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help secure data from cyber attacks. is it more exposed now? >> oh, absolutely. >> reporter: he says that's because the same technology that gives workers remote access to well sites and pipelines can also open the door for hackers around the world. >> nation state actors have gotten access to this technology without necessarily investing the billions. >> reporter: how much of this is actually reported? >> most of it is not. >> reporter: unless personal information is breached, oil and gas companies are not required to report attacks. >> most oil and gas companies do not like to acknowledge the fact that they've lost intellectual property where they've invested billions of dollars. >> reporter: the number of breaches is up 28% from the year before. experts say that's just a small share of what's really happening. >> most oil and gas companies have been subject to an attack. it takes about 200 days for an
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enterprise to determine that they've been breached. and by the time you determine you've been hacked, the person who has been taking the information g gone. >> reporter: the trade groups that represent the industry turned down a request for interviews. but homeland security says while a majority of the nation's critical infrastructure is owned and operated by the private sector, we've worked to build a strong partnership, and information sharing is a key part of this work. experts say as more companies collect online, things could get worse. a recent study released by seeman's says 68% of oil and gas cybersecurity workers believe their organization has experienced at least one cyberattack. i'm andrea day for "nightly kroger cut its profit outlook for the year. that's where we begin tonight's market focus. the nation's largest supermarket
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operator cited intensifying competition as reasons for the warning. >> in the quarter, we had about 20 basis points of deflation, excluding fuel. that was a little bit less deflation than the prior year, and the prior quarter. but keep in mind, that's deflation on top of deflation. >> as for the latest results, the company posted better than expected sales and earnings that matched analysts' estimates. shares were hammered, losing 19%. sales of bob evans fell short of estimates even as the food distributor said customers spent more on lower priced products. the company reported earnings that beat street expectations and reiterated sales guidance for fiscal 2018. shares were off 4% to $68.99. newcore says it expects earnings to fall and miss expectations this quarter.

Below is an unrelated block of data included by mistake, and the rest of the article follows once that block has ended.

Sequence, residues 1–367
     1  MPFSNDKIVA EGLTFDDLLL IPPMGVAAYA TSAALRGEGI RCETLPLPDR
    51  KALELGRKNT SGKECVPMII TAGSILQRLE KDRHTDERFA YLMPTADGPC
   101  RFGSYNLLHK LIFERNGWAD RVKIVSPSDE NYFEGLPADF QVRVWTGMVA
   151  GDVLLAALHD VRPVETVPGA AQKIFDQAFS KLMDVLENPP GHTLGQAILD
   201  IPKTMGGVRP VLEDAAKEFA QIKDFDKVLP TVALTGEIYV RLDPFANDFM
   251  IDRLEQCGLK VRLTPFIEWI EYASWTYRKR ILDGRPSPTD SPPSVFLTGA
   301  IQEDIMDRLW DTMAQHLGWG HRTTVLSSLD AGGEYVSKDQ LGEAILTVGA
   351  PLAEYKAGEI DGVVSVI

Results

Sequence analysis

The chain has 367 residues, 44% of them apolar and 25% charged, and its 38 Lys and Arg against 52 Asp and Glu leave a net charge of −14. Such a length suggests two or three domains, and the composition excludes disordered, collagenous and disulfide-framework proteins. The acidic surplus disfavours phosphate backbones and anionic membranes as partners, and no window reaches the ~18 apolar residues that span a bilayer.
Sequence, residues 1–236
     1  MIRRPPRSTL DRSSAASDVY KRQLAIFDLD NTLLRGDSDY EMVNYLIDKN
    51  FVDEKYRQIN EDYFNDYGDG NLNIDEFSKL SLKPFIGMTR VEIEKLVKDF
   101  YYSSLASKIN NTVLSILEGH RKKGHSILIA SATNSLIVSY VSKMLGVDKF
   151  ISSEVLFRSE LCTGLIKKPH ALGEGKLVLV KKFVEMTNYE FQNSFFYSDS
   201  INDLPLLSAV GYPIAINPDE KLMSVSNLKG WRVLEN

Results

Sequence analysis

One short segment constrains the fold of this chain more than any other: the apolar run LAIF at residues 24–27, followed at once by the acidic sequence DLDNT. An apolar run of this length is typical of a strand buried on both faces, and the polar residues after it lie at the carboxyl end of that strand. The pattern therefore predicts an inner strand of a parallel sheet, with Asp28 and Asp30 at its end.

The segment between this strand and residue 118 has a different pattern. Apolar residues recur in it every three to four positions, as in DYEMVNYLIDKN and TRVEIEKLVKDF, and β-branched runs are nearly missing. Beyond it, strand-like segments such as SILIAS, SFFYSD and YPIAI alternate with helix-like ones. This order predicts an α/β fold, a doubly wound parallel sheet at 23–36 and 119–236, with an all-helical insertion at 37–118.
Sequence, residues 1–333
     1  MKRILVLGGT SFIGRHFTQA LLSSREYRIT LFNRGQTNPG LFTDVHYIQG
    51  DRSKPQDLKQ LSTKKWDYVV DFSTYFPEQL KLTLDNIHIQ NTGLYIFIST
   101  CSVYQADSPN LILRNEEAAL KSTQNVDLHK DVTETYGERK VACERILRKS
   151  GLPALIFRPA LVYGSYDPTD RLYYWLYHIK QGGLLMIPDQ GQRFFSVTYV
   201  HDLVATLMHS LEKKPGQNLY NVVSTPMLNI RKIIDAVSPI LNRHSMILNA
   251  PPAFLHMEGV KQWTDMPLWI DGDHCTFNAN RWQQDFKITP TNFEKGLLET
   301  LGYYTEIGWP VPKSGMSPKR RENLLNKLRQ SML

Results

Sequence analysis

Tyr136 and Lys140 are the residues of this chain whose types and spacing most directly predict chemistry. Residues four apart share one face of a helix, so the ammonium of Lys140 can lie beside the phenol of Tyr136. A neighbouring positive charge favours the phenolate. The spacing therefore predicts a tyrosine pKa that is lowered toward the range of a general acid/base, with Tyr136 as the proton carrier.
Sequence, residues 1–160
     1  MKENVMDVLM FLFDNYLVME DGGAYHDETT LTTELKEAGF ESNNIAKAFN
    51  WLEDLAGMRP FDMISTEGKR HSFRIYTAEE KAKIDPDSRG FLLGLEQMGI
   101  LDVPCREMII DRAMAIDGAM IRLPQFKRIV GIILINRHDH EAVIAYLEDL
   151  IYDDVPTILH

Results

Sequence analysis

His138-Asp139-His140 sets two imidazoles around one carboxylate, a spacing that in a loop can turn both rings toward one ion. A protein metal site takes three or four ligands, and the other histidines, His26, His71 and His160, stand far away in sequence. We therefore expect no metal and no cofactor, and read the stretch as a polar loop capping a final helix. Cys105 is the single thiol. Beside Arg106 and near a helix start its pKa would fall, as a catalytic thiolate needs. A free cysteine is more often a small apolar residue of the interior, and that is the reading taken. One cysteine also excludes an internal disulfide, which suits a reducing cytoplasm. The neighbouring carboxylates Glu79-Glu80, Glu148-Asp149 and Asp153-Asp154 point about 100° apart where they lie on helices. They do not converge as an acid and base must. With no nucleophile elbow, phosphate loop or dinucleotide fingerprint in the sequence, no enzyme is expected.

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it blamed weaker demand from increased competition. shares fell more than 7.5% on the news to $54.60. late yesterday, drug maker mylan said the food and drug administration requested more information regarding the the company's generic version of teva pharmaceuticals' multiple sclerosis treatment. the news rattles investors concerned about a possible delay. mile mylan's shares were down, as were teva's. and a regulatory filing revealed that the department of justice recently launched a civil and criminal investigation into booz allen hamilton's cost accounting and indirect cost charging practices. the accounting firm says it hasn't uncovered deficiencies through its auditing but is coordinating with the investigation. shares initially plunged in afterhours trading and ended the
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regular session down marginally to $39.33. the most popular 401(k) funds are crowded with some of the most popular and right now most volatile names in tech. the top three funds are loaded with tech names like facebook, amazon, apple, alphabet, the parent company of google. vanguard, the fidelity growth company. what does it mean for you? ken mahoney joins us now to discuss this, ken, good to see you. let's put this in perspective. over the year, tech is up about 18%. but we have completed earlier this week the biggest two-day slide in tech of the year. how concerned should people be about how much they're invested in tech in their 401(k)'s? >> they should be concerned. the f.a.a.n.g. stocks, facebook, amazon, netflix, google, people use these everyday so the